Books Blog

Recent Reads on Differences

As a person with a disability, I am always interested in new books about others who live with differences.

I have read three books lately. In The Anti-Romantic Child, Priscilla Gilman who is an expert on the poet, Wadsworth, intertwines his poetry as she describes her journey as a mother of a son with special needs. Elizabeth Bonker is an adolescent who has autism and writes poetry, though she is unable to speak. I Am in Here describes her life and how her parents have helped her.

'MetaMaus' Celebrates 25 Years of Maus

Twenty five years ago, Art Spiegelman gave us Maus, a story about enduring and surviving the Holocaust and the father/son relationship that developed afterward. The only graphic novel to have been awarded a Pulitzer Prize, it is now iconic, and has influenced how many of us think about comics, narrative and fiction, and literature.

And now, to celebrate and commemorate this groundbreaking work, Spiegelman has given us MetaMaus, a behind-the-scenes explanation and exploration of the work.

If you are interested in more graphic novels of the non-superhero, and non “funny papers” variety, here are a few places to start.

NPR's Back-Seat Book Club for ages 9-14

The Graveyard Book

National Public Radio (NPR) has started a special project for listeners ages 9-14: the Back-Seat Book Club. Beginning in October, the show All Things Considered would like young listeners and their parents to read a selected book each month and then join in the conversation with that book's author. They want to know what you think and give the author a chance to answer questions you have about the book!

The first selection in the Back-Seat Book Club is The Graveyard Book by Neil Gaiman, which is perfect for Halloween. It's the story of Nobody Owens, a boy who is normal in every way – except that he has been raised by ghosts in a graveyard.

Fire: A Spy Thriller

Cover of Fire: A Spy Graphic Novel

Looking for suspense and intrigue? Check out a spy thriller where nothing is as it appears to be and trust is not an option.

Life imitates art for Brian Michael Bendis who gathered inspiration for his graphic novel from the American intelligence community. While a fan of traditional spy novels, I enjoyed how the graphic art moved the narrative along, increasing the drama! Fire is a quick read revealing the anxious, paranoid existence of a spy's life.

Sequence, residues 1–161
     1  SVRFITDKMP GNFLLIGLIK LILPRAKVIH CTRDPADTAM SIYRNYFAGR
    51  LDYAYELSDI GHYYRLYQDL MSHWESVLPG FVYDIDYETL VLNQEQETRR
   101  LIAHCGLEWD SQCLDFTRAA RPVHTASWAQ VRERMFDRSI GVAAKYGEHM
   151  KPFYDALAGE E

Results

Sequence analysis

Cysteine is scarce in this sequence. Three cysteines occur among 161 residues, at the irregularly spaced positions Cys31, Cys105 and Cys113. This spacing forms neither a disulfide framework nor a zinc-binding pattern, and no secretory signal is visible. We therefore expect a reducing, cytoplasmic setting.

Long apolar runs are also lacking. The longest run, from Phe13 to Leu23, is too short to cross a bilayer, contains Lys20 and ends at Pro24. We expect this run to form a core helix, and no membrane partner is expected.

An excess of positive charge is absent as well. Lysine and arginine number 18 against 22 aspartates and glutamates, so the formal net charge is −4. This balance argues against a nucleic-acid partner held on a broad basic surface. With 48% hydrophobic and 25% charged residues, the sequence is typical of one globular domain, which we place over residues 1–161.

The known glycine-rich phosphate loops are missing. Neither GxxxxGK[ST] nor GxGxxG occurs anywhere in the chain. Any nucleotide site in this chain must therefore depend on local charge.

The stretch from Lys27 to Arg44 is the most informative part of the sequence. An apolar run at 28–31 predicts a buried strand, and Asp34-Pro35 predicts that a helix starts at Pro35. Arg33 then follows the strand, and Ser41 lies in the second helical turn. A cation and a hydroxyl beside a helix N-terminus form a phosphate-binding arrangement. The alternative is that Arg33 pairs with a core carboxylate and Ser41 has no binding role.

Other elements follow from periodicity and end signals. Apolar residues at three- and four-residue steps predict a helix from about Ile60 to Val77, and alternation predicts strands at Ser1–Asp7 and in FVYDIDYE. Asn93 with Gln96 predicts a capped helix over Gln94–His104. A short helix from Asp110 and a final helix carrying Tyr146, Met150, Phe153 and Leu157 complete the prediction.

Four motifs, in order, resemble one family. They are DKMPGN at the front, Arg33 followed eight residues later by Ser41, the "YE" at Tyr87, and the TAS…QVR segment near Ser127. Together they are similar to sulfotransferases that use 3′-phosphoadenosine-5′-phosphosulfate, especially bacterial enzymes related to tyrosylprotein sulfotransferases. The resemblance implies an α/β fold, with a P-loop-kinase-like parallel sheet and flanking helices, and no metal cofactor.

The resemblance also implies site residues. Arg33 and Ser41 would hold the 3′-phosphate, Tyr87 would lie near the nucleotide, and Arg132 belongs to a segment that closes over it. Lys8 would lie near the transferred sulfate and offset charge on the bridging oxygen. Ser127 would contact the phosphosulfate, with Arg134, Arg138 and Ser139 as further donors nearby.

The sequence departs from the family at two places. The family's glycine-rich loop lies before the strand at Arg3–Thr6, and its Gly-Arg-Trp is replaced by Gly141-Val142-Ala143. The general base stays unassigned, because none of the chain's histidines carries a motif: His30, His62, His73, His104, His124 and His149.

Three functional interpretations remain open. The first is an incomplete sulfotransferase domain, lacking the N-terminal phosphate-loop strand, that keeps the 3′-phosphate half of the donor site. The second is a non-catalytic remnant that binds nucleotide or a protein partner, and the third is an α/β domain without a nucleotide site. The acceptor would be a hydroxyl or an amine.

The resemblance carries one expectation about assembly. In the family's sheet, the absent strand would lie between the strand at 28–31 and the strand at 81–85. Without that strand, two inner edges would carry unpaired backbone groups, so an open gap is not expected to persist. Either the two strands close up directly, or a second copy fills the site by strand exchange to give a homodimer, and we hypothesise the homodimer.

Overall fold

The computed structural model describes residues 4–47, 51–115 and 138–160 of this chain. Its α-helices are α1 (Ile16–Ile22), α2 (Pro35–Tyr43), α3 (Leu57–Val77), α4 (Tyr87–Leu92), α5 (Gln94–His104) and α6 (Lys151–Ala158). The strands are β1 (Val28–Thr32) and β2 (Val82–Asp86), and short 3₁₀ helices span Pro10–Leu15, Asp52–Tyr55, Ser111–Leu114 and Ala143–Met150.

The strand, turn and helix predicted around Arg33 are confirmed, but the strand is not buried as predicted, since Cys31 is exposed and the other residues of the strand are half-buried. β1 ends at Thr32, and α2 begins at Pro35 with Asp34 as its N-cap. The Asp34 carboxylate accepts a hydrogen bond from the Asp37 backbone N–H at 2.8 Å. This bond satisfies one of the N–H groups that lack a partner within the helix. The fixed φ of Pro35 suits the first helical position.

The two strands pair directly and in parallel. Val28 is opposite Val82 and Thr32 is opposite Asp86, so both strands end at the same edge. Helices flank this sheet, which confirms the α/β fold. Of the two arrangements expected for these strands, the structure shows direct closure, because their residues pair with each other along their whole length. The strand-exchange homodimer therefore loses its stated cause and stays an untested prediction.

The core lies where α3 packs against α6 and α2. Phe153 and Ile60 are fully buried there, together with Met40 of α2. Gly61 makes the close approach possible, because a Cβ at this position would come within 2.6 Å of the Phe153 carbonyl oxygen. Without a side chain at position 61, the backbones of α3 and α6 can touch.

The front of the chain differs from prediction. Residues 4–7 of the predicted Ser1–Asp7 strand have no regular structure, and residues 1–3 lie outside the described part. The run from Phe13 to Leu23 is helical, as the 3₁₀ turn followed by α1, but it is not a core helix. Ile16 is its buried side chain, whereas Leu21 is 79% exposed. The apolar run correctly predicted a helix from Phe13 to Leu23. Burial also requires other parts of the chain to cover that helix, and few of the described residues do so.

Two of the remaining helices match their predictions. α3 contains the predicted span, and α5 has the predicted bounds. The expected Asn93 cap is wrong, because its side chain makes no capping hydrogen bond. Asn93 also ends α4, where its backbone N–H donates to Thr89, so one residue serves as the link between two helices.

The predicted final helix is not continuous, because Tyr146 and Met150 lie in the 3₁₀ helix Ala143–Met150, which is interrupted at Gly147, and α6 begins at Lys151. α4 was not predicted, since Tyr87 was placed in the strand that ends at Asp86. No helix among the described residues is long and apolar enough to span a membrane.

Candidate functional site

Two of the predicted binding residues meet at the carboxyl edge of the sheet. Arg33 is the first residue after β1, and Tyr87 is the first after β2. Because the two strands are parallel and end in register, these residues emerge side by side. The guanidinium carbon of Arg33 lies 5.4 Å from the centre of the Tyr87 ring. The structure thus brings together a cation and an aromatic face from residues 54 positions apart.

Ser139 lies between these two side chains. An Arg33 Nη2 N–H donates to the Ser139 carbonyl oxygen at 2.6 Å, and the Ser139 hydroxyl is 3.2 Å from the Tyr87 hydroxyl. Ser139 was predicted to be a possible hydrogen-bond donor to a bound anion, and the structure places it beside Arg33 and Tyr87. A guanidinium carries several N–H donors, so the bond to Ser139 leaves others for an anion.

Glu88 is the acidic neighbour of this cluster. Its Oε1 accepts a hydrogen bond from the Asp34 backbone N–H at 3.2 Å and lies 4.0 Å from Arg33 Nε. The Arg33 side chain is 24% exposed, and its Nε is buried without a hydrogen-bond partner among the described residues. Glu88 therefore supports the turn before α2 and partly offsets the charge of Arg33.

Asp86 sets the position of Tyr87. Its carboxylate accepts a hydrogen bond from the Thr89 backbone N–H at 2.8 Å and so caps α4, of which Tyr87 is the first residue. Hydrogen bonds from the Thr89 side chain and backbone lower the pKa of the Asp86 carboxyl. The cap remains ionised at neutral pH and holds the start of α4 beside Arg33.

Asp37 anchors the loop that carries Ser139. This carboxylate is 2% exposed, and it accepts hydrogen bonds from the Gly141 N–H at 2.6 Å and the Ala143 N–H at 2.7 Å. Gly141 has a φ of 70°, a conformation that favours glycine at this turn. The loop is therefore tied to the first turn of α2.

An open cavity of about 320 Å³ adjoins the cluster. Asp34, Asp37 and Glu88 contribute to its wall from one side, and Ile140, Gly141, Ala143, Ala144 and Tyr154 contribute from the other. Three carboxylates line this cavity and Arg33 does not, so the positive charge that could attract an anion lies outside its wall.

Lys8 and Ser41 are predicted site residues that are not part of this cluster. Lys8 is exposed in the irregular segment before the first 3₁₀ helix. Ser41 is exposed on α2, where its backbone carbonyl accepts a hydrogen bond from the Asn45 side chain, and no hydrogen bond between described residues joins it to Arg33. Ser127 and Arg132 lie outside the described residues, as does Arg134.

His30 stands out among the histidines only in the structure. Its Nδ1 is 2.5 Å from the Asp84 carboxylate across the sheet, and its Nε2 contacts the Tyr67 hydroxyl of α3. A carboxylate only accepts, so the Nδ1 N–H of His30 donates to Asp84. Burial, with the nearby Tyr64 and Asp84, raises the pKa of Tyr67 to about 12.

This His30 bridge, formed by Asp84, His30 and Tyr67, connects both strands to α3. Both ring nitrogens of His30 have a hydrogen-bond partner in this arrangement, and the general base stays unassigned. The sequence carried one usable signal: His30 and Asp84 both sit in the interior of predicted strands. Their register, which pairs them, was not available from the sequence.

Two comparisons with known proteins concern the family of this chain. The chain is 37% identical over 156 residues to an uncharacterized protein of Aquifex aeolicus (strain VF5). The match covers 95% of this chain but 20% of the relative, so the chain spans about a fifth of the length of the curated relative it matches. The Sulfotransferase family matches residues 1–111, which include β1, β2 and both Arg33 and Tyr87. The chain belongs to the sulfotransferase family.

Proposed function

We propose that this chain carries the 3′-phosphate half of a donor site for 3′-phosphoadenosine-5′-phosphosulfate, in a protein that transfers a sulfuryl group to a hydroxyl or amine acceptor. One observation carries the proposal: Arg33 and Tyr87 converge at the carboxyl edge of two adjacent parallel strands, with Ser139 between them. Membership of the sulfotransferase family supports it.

Bendis also encourages his readers to check out the following titles:

A Man With No Talents

A Man with No Talents: Memoirs of a Tokyo Day Laborer

Talk About Bleak

Oskar here, again, to share another InterLibrary Loan gem -- A Man with No Talents: Memoirs of a Tokyo Day Laborer. Maybe "gem" is a little strong because this book gave me some trouble with its extremely introverted and destitute characters, most of whom lead a zombie-like, meandering existence. So how about "find" or, better yet, "warning"?

Authors, Authors, Everywhere!

The  Way of the Happy Woman

If you want to meet an author this weekend, you have numerous opportunities!

On Saturday, October 22 at 2:00 p.m. at the Ross-Cherry Creek Branch join Sara Avant Stover as she discusses

National Novel Writing Month (NANOWRIMO)

nanowrimo

Prepare now - November is National Novel Writing Month. If you've always longed to write, now is the time to read up and glue yourself to a chair.

Many of us have a longing to write. Very few of us ever manage to realize the dream of the writer's life. This is the year, things could change for all of us. November is National Novel Writing Month. Register at this site and receive all of the support you'll need to get started.

While we're waiting for NANOWRIMO to begin, here are a few resources you might find helpful. Oh - and if you feel like tackling your writing project now, by all means, scribble away!

A snail, really? Yes!

snail eating

The Sound of a Wild Snail Eating, really is about a wild snail eating. But it goes further and deeper than that - Bailey takes us on a literal and researched journey deep into the silence, patience and awed perception of a wild snail eating from her bedside as she recovers from her own illness.

This book was relatable and comforting for me as it explored the different levels of illness. Although a sometimes sad and difficult topic, this story's outlook became a mirror for my life and could for many other people who have experienced the emotional and mental obstacles of overcoming illness.

New Cozy Mysteries

Cookie Dough or Die

Murder can ruin a perfectly good day. The sleuths in these new mystery titles are determined to get on with their lives even if it means solving a crime at the most inopportune time!

The "detectives" in cozy mysteries aren't usually CSI experts but rather everyday people who happen to stumble across dead bodies or have friends who need help. 

Many sleuths become resident experts in their often small communities. And like a really good cookie, one cozy mystery is never enough.

Here are a few, first titles in new mystery series available at the Library:

Malcolm X: A Life of Reinvention - Captures the hearts of critics

Manning Marable, the noted History professor at Columbia University and the Founding Director of IRAAS (Institute for Research in African American Studies) at Columbia University, opens the platform for dialogue concerning the life of Malcolm X and his membership in the Nation of Islam.

Recently I read Malcolm X: A Life of Reinvention, a book written by the late Manning Marable, who unfortunately died days before the book was released.

 

Syndicate content